Resistance – Resistance is measured in ohms (Ω). Resistance values ​​can vary widely, from a few milliohms (mΩ) in the case of resistance between contacts, to trillions of ohms in the case of insulators. Most current clamps measure down to 0.1 Ω. When the measured resistance is higher than the upper limit of the instrument, or the circuit is open, “OL” is shown on the display. Resistance measurements must be made with the circuit not energized, otherwise the circuit or the clamp itself may be damaged. Some clamps provide ohm mode protection in the event of accidental contact with voltages.

Continuity – For continuity, a quick walk / close test of the resistance is performed that distinguishes between an open and closed circuit. A current clamp with an acoustic continuity signal allows you to complete numerous continuity tests easily and quickly. The multimeter emits a sound when it detects a closed circuit, with this the user does not have to see the equipment while taking measurements. The level of resistance required to activate the sound varies between different meters. The typical resistance setting to activate the acoustic signal is a reading below the 20-40-ohm range.

Measurement of current – One of the most basic measurements of a clamp meter is current. Current clamp meters can measure both AC and DC current. Typical current measurements are made in various branch circuits of an electrical distribution system. Determining how much current flows in the various branch circuits is a very common electrician task.

Voltage Measurement – Current clamp meters can measure both AC and DC voltage. AC voltage is typically created by a generator and then distributed through an electrical distribution system. An electrician’s job is to be able to take measurements through the system to isolate and troubleshoot electrical problems.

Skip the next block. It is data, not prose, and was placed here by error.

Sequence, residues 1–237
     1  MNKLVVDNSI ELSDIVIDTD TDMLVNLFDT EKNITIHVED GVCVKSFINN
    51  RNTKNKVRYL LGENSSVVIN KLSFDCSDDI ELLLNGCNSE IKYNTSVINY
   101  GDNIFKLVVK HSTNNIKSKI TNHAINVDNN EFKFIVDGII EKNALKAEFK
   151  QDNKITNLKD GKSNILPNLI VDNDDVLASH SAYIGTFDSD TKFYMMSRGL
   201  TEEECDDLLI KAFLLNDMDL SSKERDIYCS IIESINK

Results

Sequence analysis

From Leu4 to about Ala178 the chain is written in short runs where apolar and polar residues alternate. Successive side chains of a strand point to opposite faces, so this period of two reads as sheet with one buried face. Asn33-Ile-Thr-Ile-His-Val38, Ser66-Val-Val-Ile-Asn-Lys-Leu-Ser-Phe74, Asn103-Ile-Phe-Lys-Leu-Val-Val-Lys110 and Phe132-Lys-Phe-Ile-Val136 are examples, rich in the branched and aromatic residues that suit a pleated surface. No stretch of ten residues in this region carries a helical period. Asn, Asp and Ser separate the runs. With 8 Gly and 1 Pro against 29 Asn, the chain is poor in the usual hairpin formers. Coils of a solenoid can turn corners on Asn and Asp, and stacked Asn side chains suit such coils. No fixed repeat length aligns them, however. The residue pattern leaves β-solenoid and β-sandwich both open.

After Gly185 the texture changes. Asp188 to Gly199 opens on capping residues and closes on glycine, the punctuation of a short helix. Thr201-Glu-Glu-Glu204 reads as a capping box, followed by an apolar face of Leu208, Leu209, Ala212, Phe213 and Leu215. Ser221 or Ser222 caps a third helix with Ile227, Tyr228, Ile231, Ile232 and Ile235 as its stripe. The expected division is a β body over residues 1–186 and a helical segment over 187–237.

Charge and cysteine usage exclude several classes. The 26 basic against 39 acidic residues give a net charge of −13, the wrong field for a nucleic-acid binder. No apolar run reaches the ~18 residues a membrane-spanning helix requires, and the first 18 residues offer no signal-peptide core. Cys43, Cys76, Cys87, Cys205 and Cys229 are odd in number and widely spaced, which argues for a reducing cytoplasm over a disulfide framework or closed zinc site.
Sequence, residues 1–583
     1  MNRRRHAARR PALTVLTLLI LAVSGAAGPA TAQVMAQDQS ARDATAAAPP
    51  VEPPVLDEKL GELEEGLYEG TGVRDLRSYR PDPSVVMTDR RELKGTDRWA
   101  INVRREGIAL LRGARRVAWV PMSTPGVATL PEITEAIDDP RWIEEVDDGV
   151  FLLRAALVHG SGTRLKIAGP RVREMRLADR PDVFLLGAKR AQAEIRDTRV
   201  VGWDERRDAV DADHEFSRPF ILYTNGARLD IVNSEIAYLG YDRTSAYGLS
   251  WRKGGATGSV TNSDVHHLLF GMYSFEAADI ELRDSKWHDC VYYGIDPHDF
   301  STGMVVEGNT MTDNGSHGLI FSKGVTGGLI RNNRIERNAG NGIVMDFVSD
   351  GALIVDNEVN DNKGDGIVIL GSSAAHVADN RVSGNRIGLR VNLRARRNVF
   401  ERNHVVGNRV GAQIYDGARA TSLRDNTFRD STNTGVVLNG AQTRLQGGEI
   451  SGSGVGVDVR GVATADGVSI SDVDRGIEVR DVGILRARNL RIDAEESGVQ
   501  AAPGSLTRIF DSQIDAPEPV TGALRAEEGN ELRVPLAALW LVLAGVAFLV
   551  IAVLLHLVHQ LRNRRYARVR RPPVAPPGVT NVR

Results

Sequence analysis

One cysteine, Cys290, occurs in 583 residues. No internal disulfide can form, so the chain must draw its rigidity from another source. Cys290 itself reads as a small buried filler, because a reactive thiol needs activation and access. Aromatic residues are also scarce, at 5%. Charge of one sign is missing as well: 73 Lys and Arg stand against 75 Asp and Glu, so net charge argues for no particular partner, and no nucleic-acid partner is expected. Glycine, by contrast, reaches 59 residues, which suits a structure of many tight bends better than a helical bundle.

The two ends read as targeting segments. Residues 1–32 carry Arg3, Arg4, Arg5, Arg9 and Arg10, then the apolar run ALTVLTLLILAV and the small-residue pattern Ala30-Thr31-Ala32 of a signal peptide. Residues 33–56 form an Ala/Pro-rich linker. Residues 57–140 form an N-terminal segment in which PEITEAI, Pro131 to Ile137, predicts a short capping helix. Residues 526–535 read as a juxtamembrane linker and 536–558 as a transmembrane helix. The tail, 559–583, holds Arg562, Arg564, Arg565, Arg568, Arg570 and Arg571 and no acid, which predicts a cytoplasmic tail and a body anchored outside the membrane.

The ability of a clamp meter to measure AC voltage can be affected by the frequency of the signal. Most clamp meters can accurately measure AC voltages with frequencies from 50 Hz to 500 Hz, but the AC measurement bandwidth of a DMM could be 100 kHz or higher. For this reason, reading the same voltage with a clamp meter and a digital multimeter can provide different results. The DMM distributes most of the high-frequency voltage across the measurement circuits, while the clamp meter filters some of the voltage contained in the signal above the multimeter’s bandwidth.

How to choose the ideal team

When purchasing a clamp meter, not only do you need to look at the specifications, but you should also look at the features, functions, and overall design value of the instrument, as well as the quality and reputation of the brand. Measurements made with these tools can be highly dangerous if you work with equipment of dubious quality.

User safety is the most important when choosing a clamp meter or any other instrument. Few brands, testers are independently tested and certified by recognized labs like CSA, TÜV, etc. Only with these approvals can you be sure that your tools meet the latest safety standards.

After verifying the reliability of the tool brand, it must be identified that it is to be measured with it. This will give you the values ​​you need to measure and also the resolution. In the market there are clamps of many prices and these differ in many features, one of the most important is resolution. The accuracy of a clamp meter is normally expressed as a percentage of the reading. An accuracy of 3% in the reading means that at a reading of 100 amps, the actual value of the current can be between 97 and 103 amps.

One of the limitations of clamp meters is usually voltage. There are 600V and 1000V depending on the quality of it. It is important to know if we are going to work with voltages higher than 80% of what it can measure, that is, if we are going to work with 480V in three-phase, we need a clamp that is CAT II 750V or 1000V for an accurate reading. If the voltage is too high, the clamp will not be able to give an accurate reading.

For electricians working with motors, the ability to capture the amount of current a motor draws at start-up can be an excellent indicator of motor condition and load. The 374FC, 375FC, 376FC clamp meters incorporate starting current measurement as part of their feature set. After placing the clamps (or the flexible current probe) on one of the motor inputs cables, activate the start current mode. Then start the engine.